St. Croix Abattoir Working to Overcome Federal Suspension

Commissioner of Agriculture Carlos Robles (courtesy of V.I. Legislature)

The V.I. Department of Agriculture has received equipment needed to lift a federal suspension at St. Croix’s abattoir brought on by inhumane handling of cattle, the department’s commissioner, Carlos Robles, said Tuesday. 

Robles began his testimony at a budget hearing before the 32nd Legislature’s Committee on Finance by addressing the status the abattoir, which has been unable to process cattle since April. The processing of other livestock, such as pigs and goats, has continued at the facility.

Federal compliance issues at the abattoir stem from two incidents that occurred during the “stunning” of cattle prior to slaughter, one in October, 2016, and another in March, 2017.

Federal law requires that no more than two attempts be made at stunning an animal before slaughter. Inspection reports from the U.S. Department of Agriculture’s Food Safety and Inspection Services, which are available online, relay in unpleasant detail how the incidents at St. Croix’s abattoir amounted to “egregious noncompliance” of humane livestock handling.

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After the October incident, during which up to 24 attempts were made to render a Senepol bull unconscious, the abattoir was briefly closed while handling procedures were revised and submitted to the FSIS regional office in Atlanta for approval.

The abattoir was re-opened two weeks later, but a similar incident in March prompted another critical report from the FSIS and the suspension of cattle processing at the facility.

According to Robles, one of the things needed for the abattoir to meet humane handling compliance is a federally-sanctioned head restraint for livestock undergoing processing. He said his department has now acquired that equipment after a team was sent to a private abattoir in Puerto Rico to observe processing there.

Robles said that because of the urgency of the need, the equipment was purchased using a senior administrator’s credit card rather than through the standard government procurement process, and will be installed “as soon as possible.”

“I want to apologize to the cattle men and women whose livelihood has been affected by this unfortunate situation,” said Robles. “We appreciate your criticisms, your visits to the office, your suggestions, but most of all your patience.”

Like most V.I. government agencies, the Department of Agriculture is expected to see a substantial budget decrease in fiscal year 2018 due to the government’s inability to access capital markets.

In the case of Agriculture, the governor’s recommended General Fund appropriation for FY 2018 amounts to approximately $4.08 million, which is $500,000, or 11 percent, decrease from FY 2017. Still, that is more than the department received from the General Fund in any other fiscal year except the current one.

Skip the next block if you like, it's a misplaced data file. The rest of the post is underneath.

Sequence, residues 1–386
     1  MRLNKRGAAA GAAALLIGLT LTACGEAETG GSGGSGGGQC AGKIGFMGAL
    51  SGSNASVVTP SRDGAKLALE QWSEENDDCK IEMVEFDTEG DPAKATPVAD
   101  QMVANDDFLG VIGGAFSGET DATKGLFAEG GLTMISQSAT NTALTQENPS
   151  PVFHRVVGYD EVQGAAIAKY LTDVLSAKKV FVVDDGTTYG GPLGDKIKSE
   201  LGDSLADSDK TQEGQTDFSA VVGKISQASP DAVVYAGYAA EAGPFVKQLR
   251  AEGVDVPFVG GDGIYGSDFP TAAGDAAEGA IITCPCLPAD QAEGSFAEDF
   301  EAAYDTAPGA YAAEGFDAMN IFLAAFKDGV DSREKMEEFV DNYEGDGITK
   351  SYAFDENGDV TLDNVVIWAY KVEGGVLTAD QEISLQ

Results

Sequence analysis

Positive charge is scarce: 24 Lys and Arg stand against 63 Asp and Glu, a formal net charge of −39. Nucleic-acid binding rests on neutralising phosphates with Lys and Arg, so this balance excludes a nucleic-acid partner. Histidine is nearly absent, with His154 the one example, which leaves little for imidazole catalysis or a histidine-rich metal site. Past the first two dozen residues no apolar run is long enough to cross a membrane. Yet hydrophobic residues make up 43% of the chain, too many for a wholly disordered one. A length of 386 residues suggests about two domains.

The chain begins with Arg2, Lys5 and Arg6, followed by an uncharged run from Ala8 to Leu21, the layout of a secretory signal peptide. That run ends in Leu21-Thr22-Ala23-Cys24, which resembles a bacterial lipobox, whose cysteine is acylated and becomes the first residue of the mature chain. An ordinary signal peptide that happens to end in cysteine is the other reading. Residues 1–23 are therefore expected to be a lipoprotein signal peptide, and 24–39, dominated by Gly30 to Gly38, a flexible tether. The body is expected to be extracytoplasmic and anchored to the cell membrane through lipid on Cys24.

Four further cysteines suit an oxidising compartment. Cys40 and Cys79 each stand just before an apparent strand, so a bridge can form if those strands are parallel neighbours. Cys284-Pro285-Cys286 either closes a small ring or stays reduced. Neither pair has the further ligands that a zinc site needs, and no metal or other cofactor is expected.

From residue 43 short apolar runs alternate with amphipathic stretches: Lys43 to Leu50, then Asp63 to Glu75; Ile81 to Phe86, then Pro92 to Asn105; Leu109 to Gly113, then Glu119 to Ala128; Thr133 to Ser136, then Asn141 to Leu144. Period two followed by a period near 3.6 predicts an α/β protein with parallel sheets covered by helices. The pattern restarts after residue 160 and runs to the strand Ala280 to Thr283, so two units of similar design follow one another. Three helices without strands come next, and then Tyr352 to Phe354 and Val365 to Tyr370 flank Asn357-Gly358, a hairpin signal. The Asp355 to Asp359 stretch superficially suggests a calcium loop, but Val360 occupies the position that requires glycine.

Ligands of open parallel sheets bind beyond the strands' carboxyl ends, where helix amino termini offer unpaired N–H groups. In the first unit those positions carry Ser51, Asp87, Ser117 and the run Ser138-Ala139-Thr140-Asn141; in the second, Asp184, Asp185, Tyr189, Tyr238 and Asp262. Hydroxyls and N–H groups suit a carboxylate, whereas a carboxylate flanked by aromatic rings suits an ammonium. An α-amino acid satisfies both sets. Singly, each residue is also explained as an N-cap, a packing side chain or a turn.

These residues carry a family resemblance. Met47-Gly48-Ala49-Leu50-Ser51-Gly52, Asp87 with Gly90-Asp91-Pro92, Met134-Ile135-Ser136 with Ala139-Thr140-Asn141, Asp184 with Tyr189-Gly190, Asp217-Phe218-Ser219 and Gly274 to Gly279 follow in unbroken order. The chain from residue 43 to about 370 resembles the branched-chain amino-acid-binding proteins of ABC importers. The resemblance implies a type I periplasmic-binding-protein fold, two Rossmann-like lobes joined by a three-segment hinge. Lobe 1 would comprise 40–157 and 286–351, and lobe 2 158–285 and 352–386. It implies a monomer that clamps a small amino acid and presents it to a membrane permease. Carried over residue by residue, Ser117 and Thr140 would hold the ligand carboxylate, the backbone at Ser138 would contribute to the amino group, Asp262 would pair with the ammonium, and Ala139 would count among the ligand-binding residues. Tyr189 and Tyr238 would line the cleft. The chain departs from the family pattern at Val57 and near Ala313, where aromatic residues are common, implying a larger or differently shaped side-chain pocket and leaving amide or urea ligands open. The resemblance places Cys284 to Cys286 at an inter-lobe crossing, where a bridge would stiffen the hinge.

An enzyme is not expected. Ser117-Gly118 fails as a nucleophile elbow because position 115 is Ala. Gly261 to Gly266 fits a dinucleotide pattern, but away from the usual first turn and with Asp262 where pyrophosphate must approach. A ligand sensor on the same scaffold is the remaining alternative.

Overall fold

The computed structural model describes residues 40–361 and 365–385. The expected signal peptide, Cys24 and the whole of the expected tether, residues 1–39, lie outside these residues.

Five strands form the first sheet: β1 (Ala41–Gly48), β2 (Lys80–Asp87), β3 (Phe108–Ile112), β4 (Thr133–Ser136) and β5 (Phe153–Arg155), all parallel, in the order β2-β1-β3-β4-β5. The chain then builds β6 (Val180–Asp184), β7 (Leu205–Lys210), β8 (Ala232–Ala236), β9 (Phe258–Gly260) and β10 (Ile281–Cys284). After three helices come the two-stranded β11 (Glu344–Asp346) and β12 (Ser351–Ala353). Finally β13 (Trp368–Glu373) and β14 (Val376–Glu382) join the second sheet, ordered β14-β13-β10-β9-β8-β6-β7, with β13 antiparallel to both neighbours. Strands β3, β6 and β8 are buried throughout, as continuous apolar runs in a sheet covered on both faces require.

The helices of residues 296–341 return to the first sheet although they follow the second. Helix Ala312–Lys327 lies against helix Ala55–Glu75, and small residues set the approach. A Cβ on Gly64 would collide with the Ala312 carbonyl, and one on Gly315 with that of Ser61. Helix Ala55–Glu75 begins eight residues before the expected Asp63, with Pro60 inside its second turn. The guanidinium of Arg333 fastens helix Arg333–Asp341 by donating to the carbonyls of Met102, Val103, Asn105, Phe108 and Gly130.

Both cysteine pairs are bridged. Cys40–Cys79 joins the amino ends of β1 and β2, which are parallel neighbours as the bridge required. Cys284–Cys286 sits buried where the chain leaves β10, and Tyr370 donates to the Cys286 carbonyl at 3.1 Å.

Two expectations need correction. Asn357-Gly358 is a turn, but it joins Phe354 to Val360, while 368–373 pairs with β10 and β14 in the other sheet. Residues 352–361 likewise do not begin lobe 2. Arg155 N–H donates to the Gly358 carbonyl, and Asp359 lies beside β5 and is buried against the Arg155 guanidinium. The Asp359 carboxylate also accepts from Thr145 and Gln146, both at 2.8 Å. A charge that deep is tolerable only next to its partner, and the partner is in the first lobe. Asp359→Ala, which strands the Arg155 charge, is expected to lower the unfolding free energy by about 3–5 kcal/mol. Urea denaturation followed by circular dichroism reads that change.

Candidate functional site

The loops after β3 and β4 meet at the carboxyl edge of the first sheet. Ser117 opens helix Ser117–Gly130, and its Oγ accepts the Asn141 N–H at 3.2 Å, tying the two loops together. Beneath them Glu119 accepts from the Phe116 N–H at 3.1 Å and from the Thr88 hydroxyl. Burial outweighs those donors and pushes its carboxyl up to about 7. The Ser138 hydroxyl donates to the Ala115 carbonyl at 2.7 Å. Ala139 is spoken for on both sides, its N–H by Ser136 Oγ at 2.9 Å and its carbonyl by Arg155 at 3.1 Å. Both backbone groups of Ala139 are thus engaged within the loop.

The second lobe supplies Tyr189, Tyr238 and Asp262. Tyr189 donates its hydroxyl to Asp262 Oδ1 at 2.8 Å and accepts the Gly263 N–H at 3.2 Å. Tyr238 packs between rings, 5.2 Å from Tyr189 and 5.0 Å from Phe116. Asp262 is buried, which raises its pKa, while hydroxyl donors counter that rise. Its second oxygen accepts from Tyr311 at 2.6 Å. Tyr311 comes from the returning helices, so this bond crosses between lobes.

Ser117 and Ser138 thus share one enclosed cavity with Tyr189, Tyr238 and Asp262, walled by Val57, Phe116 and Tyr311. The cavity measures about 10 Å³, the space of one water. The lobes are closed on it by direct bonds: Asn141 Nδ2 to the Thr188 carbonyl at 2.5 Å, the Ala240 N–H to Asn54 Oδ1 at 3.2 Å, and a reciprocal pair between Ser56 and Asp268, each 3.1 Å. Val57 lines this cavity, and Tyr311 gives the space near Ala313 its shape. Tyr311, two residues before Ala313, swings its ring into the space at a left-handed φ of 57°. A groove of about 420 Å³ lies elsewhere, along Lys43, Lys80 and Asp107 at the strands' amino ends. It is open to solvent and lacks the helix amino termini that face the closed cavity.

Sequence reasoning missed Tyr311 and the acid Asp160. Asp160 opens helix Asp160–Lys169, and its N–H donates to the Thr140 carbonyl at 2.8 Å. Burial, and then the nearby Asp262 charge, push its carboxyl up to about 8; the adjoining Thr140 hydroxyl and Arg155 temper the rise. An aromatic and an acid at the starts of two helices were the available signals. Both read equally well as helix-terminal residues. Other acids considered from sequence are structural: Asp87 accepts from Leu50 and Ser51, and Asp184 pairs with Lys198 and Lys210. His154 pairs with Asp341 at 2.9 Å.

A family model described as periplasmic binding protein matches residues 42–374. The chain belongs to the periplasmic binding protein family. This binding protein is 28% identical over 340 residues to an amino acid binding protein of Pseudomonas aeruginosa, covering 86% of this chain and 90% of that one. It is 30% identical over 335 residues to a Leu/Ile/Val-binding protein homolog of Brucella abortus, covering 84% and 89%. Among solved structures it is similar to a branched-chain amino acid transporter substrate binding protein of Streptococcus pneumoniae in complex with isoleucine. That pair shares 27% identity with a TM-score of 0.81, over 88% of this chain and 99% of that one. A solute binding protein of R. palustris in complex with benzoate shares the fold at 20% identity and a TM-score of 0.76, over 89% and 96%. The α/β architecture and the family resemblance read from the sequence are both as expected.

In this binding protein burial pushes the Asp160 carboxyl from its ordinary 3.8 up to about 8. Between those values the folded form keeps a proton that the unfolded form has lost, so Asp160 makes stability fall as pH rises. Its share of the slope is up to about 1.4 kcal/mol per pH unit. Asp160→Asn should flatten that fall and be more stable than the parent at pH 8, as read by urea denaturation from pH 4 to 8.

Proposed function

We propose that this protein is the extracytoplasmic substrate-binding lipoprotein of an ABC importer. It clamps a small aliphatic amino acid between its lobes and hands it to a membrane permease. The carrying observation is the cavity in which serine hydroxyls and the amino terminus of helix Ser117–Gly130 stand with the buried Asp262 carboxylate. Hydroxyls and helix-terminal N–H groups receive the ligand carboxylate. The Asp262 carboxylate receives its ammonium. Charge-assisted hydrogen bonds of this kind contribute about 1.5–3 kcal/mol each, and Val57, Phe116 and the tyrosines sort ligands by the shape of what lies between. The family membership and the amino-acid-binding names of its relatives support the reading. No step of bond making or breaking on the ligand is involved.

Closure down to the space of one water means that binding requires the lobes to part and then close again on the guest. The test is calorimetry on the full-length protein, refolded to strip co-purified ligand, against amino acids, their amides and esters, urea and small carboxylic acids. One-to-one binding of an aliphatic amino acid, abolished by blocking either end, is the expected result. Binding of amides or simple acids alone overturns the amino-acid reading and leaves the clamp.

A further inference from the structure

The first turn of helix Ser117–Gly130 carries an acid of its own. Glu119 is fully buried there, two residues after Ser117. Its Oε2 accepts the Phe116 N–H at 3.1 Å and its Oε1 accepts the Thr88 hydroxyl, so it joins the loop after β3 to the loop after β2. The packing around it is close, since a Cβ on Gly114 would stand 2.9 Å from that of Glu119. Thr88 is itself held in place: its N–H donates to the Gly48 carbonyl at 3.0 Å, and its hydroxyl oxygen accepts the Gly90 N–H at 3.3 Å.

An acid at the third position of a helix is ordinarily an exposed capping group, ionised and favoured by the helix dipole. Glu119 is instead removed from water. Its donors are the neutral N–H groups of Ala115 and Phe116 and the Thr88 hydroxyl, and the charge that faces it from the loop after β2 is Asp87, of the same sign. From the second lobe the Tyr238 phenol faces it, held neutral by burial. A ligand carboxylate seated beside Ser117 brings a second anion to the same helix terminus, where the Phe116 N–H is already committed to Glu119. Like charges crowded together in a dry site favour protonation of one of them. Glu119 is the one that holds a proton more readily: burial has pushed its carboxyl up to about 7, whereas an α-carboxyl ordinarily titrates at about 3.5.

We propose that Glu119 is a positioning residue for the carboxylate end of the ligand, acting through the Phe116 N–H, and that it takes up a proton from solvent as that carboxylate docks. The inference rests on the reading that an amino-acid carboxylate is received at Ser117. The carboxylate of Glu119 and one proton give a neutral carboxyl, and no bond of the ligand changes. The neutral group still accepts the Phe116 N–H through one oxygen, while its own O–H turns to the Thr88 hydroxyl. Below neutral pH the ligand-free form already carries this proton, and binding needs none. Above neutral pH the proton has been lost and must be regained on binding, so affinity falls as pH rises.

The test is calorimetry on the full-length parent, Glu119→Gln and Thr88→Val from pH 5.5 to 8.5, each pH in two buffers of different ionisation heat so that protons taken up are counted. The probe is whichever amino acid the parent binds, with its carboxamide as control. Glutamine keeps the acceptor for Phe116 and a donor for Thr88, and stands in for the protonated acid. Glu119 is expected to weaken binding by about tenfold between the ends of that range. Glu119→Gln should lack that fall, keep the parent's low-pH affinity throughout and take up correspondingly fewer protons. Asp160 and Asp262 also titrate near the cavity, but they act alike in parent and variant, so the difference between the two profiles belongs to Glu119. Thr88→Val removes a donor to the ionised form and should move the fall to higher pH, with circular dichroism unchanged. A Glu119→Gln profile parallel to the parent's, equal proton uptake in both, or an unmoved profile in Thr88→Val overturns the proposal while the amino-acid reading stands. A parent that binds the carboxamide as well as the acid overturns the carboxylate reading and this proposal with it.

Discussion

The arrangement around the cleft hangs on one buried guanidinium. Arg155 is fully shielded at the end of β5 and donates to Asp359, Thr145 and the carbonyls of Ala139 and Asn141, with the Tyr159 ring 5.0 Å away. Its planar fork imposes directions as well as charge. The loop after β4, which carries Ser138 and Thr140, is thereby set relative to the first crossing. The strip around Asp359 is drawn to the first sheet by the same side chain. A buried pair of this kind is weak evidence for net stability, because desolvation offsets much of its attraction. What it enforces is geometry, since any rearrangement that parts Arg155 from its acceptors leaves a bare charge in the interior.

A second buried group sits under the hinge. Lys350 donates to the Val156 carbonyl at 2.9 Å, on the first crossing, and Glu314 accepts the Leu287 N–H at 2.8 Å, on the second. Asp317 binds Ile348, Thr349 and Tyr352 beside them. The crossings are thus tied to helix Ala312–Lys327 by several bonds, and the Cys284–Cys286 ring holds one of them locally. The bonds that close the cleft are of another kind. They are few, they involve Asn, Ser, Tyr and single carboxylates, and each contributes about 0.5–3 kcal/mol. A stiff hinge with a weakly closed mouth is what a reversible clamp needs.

The department’s recommended FY 2018 budget also includes $40,000 in non-appropriated funding from the St. Croix Thoroughbred Fund and the Veterinary Medicine Fund, and $870,000 from the miscellaneous section of the budget. The department also expects at least $563,898 in federal grant monies.

(Data compiled by Bill Kossler from V.I. government budget submittals and other V.I. government sources)

In addition, the DOA generates income via land leases, land preparation services, hay, seedling, animal feed, and fertilizer sales, and veterinary services, which is deposited into the Agriculture Revolving Fund. Projected income in FY 2018 is $255,000.

The DOA has 49 employees: 38 on St. Croix, nine on St. Thomas, and two on St. John. Despite the hiring freeze, Robles said Gov. Kenneth Mapp has allowed the department to fill five critical new positions, including two butchers and two heavy equipment operators. 

Robles said he foresees succession issues in the department’s future, since the average age of those working for the department is higher than many other departments. Almost 70 percent of DOA employees are over 50 years old. Robles said this reflects a nation-wide issue that can only be solved by increasing young peoples’ interest in pursuing careers in farming and agriculture.

In addition to the Department of Agriculture, representatives from two other agencies testified at Tuesday’s budget hearing: the Office of the Territorial Defender and the Virgin Islands Public Broadcasting System.

The Office of the Territorial Defender, whose mission it is to represent indigent criminal defendants that appear before the Superior and Supreme Courts of the Virgin Islands, is requesting that the Legislature consider its FY 18 budget request over the governor’s recommended one.

The OTF has requested $4.56 million from the General Fund in FY 18, the same amount it received in FY 17. The governor’s recommendation would cut that amount by $332,880.

The V.I. Public Broadcasting System, or WTJX, is looking at a recommended FY 18 budget of $4.4 million from the General Fund, which amounts to a one percent cut from FY 17’s budget.

Present at Tuesday’s information gathering hearing were Sens. Kurt Vialet, Neville James, Nereida Rivera-O’Reilly, Brian Smith, Tregenza Roach, and Dwayne DeGraff. Sen. Marvin Blyden was excused. 

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